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When companies like Netflix began offering unlimited paid time off (PTO) to employees in 2004, some hailed it as a great idea to give employees the freedom to decide how and when they would take time away from their jobs. It was a boon for workers, especially women, whose main gripe about work has always been the lack of flexibility. But as the years have gone by, it's become apparent that there are some downsides to such policies.
Unlimited time off allows workers to take as much time off as they want during the year as long as they do their jobs as expected. For working women, this sounds ideal as many of them still do the lion's share of domestic chores and may need more time away from the office to juggle personal demands.
But this leaves some women to wonder whether additional time away from work will lead to the perception that they are less-than-dedicated to their jobs. Will taking advantage of unlimited PTO hurt women's careers? And how much time off is too much time off?
Confusion about unlimited PTO — or any vacation time — has been simmering for a while now. The data doesn't point to workers enjoying more leisure time, especially women. Research by the U.S. Travel Association found an imbalance in how limited or unlimited. That might not be surprising since there is some evidence that managers, too, see flexible time off differently for men and women.
Specifically, some managers believe men will prioritize their work when away from the office but believe women will use their time out of the office to take care of their families, says Heejung Chung, a Kent University sociology professor in the U.K.
One example of this confusion over unlimited PTO is Kickstarter, which initially let managers approve as many days off for workers as they wanted. The company later amended its policy to allow only 25 days per year after employees wanted more straightforward guidelines about how much time off they should take.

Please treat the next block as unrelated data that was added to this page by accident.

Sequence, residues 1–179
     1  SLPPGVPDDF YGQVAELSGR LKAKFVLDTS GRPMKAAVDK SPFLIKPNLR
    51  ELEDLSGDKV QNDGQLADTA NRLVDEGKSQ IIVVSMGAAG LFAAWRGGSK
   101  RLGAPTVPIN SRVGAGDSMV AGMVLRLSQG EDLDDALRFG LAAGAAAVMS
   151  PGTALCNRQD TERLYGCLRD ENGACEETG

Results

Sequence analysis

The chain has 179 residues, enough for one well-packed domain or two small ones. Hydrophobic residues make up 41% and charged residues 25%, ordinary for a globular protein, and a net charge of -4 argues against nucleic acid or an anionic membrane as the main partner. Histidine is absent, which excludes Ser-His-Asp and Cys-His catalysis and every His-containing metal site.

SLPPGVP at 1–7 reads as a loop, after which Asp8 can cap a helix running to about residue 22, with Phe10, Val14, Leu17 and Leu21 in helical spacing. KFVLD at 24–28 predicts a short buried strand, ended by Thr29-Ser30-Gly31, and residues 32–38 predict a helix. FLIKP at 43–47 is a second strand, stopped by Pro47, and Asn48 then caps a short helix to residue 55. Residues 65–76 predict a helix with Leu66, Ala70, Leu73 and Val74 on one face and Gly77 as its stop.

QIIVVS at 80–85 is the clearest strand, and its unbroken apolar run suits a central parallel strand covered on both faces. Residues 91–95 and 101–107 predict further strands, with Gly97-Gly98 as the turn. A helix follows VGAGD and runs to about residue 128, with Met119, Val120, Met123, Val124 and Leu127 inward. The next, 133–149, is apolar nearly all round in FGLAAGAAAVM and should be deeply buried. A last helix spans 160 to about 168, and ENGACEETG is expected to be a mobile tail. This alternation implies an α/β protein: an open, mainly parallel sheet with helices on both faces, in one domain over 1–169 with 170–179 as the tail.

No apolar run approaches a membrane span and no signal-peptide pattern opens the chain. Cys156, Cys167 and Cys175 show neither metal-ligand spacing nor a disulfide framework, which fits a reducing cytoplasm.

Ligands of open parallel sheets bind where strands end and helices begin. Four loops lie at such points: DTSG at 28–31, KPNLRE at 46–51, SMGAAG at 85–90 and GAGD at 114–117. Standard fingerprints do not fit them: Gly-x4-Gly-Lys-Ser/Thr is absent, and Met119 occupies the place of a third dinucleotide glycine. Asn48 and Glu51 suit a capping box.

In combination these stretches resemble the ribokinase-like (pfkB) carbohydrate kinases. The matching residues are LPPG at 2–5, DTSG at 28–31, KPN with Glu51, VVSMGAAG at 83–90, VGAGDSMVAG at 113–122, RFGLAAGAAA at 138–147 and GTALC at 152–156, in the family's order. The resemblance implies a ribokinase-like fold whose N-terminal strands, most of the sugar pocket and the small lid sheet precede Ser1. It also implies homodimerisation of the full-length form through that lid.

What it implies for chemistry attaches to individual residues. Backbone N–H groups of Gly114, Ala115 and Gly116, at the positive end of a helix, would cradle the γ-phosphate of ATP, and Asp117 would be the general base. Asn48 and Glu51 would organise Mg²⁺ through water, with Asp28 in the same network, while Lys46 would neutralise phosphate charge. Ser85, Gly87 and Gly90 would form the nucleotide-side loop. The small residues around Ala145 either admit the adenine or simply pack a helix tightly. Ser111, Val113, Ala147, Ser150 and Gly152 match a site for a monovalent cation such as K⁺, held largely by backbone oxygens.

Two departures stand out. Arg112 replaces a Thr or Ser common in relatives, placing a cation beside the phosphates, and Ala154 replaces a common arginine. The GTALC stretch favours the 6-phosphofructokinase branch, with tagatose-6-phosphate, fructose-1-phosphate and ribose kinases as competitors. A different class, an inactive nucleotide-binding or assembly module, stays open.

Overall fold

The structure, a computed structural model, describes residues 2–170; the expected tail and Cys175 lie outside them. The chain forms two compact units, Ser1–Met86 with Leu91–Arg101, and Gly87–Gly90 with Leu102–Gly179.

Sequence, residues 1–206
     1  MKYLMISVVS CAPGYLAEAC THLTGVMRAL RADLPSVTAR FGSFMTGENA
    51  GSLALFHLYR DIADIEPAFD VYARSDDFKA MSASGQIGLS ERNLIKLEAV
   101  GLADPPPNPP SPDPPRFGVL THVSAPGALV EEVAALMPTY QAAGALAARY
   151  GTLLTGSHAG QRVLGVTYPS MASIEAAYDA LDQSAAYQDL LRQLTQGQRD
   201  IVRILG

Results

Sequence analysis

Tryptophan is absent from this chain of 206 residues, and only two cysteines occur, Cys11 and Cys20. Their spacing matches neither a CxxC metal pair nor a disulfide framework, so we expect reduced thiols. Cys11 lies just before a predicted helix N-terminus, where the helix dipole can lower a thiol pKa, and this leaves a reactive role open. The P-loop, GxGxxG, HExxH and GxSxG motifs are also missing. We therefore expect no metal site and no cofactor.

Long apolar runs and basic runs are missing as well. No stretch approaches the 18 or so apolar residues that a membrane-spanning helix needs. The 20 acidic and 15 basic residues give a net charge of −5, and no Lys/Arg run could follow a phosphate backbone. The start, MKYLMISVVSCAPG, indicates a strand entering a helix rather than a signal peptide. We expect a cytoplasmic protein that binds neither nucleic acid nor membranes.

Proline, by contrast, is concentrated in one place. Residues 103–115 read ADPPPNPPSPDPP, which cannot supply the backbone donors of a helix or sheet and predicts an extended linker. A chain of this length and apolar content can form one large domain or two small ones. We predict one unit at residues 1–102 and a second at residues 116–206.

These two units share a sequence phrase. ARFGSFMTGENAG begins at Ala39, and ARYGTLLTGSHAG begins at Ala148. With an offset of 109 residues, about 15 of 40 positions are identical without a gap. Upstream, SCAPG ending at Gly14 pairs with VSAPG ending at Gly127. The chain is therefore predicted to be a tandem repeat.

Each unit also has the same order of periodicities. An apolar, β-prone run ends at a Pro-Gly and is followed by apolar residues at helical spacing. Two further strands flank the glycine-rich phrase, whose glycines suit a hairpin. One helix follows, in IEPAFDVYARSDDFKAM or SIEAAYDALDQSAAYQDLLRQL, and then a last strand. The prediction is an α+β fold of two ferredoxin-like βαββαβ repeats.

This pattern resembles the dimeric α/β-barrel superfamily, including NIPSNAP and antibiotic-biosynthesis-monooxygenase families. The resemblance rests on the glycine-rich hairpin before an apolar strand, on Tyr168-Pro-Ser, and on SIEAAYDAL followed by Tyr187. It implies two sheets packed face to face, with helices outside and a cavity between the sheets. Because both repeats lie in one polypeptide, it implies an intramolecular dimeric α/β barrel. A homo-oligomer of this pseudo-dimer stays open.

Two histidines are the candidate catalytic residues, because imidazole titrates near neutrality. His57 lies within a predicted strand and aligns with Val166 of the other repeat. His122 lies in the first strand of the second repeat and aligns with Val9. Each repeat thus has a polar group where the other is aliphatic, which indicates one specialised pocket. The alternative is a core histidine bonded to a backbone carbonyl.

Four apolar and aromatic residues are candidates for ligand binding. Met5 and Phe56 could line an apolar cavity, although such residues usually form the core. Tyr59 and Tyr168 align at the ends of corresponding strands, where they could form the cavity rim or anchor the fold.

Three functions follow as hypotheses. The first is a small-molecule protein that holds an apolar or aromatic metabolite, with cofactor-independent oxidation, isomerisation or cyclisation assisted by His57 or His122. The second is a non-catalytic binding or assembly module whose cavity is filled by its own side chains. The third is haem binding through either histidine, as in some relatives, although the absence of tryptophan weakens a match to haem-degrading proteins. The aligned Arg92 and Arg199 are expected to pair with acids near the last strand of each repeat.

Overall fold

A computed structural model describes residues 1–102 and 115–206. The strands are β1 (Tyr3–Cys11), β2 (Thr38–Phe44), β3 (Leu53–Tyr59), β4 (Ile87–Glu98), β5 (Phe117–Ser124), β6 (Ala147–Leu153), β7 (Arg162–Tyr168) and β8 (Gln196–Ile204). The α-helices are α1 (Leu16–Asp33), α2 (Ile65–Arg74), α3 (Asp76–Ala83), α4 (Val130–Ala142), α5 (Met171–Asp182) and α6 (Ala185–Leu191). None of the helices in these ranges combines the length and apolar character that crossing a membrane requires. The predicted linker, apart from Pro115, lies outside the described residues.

Interestingly, many of those offering unlimited PTO, such as LinkedIn, Chegg and Oracle, are in the highly competitive IT industry, where workers may feel more compelled to work continually. Further, these workers may take much less time away when they don't have guidelines about what is an acceptable amount of PTO, which is one of the reasons Kickstarter decided to change its policy.
"What we found was that by setting specific parameters around the number of days, there was no question about how much time was appropriate to take from work to engage in personal, creative and family activities," says a Kickstarter spokesperson.
Part of the reluctance for women to take unlimited PTO might be due to an unfamiliarity with this benefit, thanks to how little vacation time American workers are typically granted. For example, the average paid vacation time in the U.S. is 15 days per year, while countries like France, Germany, Spain and the United Kingdom offer 30 days of paid time off. It's estimated that about one-third of Americans didn't get any paid leave from 2017-2018.
Harriet Chan, co-founder of CocoFounder, a software development company, says that she finds having unlimited time off doesn't damage her career; she usually takes about one to two months of PTO per year. Her longest stretch of time off was three months, which she used to plan her wedding.
The key, she says, is creating a "recovery plan" before taking PTO, which helped her do necessary tasks before she left and cover work while she was gone.
"Some women may feel pressured not to take PTO, especially if they are not effective in their output," Chan says. "On the other hand, other women will not feel the weight on their shoulders if they have created a master plan to handle the pressure surrounding an unlimited paid vacation."